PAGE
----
New weather monitoring networks, drones and cloud-sourced information are all being tested as part of a research collaboration targeting better planning and responses to bushfire emergencies in Victoria. Known as Resilient Information Systems for Emergency Response (RISER), the project is investigating ways to collect and connect new data streams.
Associate Professor Allison Kealy is part of the University of Melbourne’s RISER team, which also involves Monash University, RMIT University and the University of California. IMB Australia and the Office of the Emergency Services Commissioner Victoria are also partners in the project, which has been funded through an Australian Research Council Linkage Grant.
Associate Professor Kealy has focused on testing new networks of weather and environmental monitoring stations that collect detailed temperature, humidity, solar radiation, wind speed and direction and soil moisture data. Monitoring stations, each about the size of a tissue box, have been deployed in dense wireless networks of up to 100 stations, at two fire-prone sites north-east of Melbourne.
The data collected during two summers has been used to test and refine the algorithms that underpin the Victorian Government’s predictive fire-modelling system. Another smaller network set up in the Victorian coastal community of Anglesea, on the edge of the Otway Ranges, is part of an ongoing education and community engagement initiative with a local primary school and the Country Fire Authority.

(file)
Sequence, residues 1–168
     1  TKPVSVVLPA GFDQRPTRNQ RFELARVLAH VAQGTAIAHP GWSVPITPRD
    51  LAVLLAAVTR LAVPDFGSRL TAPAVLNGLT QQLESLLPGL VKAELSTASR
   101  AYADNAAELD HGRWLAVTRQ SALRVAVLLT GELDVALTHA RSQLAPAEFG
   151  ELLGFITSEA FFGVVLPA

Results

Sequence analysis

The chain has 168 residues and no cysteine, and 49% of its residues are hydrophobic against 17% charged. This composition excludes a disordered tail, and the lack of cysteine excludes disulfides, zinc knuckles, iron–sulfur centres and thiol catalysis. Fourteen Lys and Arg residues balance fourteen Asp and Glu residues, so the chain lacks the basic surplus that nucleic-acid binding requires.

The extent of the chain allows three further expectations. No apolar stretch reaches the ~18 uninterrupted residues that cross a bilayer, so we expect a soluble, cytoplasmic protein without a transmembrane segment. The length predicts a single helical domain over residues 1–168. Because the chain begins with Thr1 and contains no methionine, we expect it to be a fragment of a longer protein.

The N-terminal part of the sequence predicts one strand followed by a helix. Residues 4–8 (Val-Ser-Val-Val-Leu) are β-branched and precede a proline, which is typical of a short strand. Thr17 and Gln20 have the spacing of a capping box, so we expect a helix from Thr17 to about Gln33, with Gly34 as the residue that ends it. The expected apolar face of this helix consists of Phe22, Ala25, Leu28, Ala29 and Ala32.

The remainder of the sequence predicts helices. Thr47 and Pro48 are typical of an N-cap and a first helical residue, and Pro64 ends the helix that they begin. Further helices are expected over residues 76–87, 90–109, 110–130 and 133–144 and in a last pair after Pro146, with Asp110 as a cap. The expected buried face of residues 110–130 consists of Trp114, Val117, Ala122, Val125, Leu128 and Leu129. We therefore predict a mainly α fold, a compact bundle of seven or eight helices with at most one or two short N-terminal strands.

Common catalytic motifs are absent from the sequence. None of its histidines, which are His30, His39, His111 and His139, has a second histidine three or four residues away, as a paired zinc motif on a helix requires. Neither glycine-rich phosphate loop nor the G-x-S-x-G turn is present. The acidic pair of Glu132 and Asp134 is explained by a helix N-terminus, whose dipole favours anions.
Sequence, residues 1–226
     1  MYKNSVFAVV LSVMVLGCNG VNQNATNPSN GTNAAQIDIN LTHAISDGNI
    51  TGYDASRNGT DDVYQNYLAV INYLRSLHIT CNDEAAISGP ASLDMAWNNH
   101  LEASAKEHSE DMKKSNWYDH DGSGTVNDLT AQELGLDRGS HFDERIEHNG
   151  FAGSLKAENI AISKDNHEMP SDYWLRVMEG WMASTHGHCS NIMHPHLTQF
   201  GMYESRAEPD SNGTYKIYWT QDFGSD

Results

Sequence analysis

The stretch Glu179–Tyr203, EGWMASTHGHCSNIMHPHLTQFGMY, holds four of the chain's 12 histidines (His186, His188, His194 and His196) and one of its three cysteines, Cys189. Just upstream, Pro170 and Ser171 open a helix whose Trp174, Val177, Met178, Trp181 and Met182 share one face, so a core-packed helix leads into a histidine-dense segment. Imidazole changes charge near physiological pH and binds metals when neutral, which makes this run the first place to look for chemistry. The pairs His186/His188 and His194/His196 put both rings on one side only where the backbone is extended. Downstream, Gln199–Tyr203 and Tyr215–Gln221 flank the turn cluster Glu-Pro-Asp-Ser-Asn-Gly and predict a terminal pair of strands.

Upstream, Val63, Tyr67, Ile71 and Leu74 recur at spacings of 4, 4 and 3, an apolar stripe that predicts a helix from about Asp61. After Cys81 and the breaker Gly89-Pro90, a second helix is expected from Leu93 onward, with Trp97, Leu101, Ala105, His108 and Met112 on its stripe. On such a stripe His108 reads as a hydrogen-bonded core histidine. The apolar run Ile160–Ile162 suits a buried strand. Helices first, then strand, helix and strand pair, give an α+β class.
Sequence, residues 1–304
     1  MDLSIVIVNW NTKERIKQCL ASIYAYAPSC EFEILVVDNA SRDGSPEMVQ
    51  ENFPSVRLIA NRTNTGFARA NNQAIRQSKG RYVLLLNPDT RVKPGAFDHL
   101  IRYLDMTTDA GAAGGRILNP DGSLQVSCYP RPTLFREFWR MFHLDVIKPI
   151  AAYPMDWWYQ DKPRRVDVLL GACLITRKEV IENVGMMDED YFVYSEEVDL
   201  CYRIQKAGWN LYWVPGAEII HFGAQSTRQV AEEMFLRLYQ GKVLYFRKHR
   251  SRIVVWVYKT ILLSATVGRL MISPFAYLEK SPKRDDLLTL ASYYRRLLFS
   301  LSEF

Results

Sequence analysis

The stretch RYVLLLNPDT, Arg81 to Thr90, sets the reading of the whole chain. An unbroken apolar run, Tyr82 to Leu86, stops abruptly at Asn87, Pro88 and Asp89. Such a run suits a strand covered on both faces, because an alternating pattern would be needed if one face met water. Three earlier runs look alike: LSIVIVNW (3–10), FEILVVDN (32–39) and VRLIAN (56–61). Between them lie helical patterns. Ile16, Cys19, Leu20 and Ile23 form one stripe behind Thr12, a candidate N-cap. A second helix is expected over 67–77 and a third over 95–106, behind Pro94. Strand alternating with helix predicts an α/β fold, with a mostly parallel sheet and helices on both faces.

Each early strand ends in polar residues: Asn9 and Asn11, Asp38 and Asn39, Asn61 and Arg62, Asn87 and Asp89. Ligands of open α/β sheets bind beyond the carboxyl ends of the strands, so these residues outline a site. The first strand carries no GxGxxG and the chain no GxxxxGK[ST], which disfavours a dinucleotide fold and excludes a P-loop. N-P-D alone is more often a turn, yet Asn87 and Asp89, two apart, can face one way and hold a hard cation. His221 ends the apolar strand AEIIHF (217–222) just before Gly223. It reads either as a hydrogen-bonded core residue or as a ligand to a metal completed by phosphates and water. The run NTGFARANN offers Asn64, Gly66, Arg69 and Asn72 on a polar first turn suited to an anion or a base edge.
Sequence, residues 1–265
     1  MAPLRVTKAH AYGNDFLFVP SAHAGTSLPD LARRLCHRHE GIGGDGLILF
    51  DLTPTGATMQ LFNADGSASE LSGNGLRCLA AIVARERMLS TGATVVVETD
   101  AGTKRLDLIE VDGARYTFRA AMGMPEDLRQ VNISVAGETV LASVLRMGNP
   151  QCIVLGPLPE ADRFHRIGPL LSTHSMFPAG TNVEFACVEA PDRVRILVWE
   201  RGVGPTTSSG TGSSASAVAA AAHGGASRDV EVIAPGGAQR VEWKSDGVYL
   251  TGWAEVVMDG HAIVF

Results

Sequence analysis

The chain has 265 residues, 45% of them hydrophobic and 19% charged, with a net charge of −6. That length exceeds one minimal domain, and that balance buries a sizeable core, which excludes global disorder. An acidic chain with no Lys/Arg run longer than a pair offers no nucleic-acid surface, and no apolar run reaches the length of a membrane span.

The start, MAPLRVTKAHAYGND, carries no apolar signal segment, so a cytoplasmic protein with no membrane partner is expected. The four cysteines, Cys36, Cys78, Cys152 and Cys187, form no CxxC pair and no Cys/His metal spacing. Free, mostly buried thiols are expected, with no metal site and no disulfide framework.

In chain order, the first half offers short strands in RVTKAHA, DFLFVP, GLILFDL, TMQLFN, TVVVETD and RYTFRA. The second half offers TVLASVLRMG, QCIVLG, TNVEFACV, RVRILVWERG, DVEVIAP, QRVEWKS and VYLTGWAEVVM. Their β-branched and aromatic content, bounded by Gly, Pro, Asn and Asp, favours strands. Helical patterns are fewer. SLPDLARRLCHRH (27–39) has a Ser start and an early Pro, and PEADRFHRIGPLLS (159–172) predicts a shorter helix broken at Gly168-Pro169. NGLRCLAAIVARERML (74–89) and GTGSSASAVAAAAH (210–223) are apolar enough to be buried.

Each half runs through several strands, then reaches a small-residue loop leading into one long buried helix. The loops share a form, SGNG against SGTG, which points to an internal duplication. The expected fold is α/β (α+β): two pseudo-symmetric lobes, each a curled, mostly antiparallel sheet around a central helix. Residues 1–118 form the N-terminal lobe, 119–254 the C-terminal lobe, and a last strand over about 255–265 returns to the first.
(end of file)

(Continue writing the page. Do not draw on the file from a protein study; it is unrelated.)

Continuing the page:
Associate Professor Kealy says the potential of local, automated sensor networks to assist in bushfire predictions is one of several positive outcomes from the RISER project. It is also investigating the use of drones carrying infrared and visual cameras to assess the dryness of grasslands and related fire risk, to supplement ground inspections and satellite imagery.
Another element is examining the relationship between emergency calls and cloud-based or social media reports to track the path of fires, adding this information stream to other fire-tracking data sources.
“The next stage of the project is to work out how improvements can be easily integrated into the operations of fire management agencies,” she says. “But one of the most valuable outcomes has been creating new relationships and engaging with emergency services and community stakeholders in research, and its potential to improve operations and decision making.”